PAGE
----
WellPoint withdraws application to acquire Delaware CareFirst

`Procedural' action allows savings in consulting fees

August 16, 2002|By M. William Salganik | M. William Salganik,SUN STAFF

Looking to save or delay several million dollars in consulting fees, WellPoint Health Networks Inc. said it was withdrawing, perhaps temporarily, its application in Delaware to acquire CareFirst BlueCross BlueShield.

However, California-based WellPoint said it is moving ahead with seeking approval in Maryland and the District of Columbia, and expects to refile in Delaware if it is satisfied with a consultants' report in Maryland on the value of CareFirst.

Ken Ferber, a WellPoint spokesman, said the action was "purely procedural," did not indicate any diminished interest in CareFirst and is unlikely to delay the deal if WellPoint decides to go ahead.

Michael J. Rich, legal counsel to the Delaware Department of Insurance, said, "The withdrawal stops all insurance department activity" in reviewing the WellPoint-CareFirst deal. Whether that would delay a final decision, which had been expected early next year "depends on what they do and when they do it," Rich said.

Debbie Rosen McKerrow, director of communications for the Maryland Insurance Administration, said the Delaware action would have no impact on proceedings here.

WellPoint and CareFirst are seeking approval from regulators in the three jurisdictions for CareFirst to convert to for-profit operation and be sold to WellPoint for $1.3 billion. The proceeds would go to health-related foundations or other public purposes. The officials are hiring outside experts to review the deal. WellPoint has to pay for those consultants.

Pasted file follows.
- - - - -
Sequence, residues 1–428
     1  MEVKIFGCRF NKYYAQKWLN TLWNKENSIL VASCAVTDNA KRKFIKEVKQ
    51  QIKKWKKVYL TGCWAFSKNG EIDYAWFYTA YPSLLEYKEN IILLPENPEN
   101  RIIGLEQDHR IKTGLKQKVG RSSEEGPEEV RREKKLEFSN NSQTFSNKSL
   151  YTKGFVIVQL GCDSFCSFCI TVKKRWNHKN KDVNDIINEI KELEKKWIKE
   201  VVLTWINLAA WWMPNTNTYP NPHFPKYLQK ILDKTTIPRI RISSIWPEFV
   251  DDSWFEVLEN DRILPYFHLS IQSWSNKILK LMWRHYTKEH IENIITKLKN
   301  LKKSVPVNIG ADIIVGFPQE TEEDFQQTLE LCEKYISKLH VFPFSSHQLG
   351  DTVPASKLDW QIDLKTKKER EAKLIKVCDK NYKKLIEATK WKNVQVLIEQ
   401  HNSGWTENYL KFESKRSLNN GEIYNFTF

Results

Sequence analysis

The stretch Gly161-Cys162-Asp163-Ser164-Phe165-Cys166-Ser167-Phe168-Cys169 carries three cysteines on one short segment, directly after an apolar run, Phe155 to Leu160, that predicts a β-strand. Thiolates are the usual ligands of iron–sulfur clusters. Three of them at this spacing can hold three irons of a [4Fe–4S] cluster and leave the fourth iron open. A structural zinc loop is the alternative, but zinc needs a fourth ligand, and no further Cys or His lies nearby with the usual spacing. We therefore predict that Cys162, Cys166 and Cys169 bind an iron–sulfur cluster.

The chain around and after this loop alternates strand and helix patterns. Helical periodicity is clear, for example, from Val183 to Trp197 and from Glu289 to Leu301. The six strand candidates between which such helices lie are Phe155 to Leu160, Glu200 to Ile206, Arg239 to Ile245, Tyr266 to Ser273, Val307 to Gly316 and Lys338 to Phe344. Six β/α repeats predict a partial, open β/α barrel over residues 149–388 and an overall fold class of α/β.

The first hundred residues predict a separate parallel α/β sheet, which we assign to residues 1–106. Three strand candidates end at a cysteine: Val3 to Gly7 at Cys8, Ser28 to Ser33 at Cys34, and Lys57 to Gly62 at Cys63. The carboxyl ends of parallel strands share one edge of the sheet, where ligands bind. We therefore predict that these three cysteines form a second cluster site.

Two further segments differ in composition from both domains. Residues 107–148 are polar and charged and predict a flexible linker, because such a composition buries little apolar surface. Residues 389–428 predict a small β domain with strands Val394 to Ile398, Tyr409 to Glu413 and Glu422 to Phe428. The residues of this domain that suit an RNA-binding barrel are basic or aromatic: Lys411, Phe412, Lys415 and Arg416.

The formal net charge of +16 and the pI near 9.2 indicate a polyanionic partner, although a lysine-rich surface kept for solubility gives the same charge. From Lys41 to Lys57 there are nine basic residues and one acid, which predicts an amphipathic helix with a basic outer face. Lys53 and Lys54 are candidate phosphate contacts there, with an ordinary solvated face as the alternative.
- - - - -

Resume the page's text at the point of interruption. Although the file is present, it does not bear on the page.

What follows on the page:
Blackstone report

Ferber said WellPoint will decide whether to go ahead in Delaware "after we've had a chance to look at the Blackstone report." The Blackstone Group of New York is advising Maryland Insurance Commissioner Steven B. Larsen on whether $1.3 billion is a fair price for CareFirst. WellPoint is paying $1.85 million for Blackstone's report to Larsen.

It's possible the Blackstone report will convince WellPoint that it doesn't want to go ahead with the deal in Maryland, Ferber said.

That would make the Delaware consultants' work moot, and WellPoint would save some of the Delaware costs.

Ferber said the Delaware costs could be "several million dollars" and the District of Columbia costs "more than a million." The Maryland consultants - three others in addition to Blackstone - could be paid much as $5 million.

Draft likely this month

McKerrow said Blackstone is expected to present a draft to Larsen this month. After review and possible revisions, Larsen will make the report public, "but when and how has not been decided," she said.

The other Maryland consultants are due to report by the end of October. They are studying the potential impact of the deal on consumers, the process followed by CareFirst's board and the operation of other health-related foundations.

Rich said he was not sure of the cost of the work done by Delaware consultants, but that WellPoint was obligated to pay for work that has been done. He also said he did not have a figure on the expected total costs of the Delaware consultants.

CareFirst had no immediate comment on WellPoint's action, which was announced yesterday afternoon.

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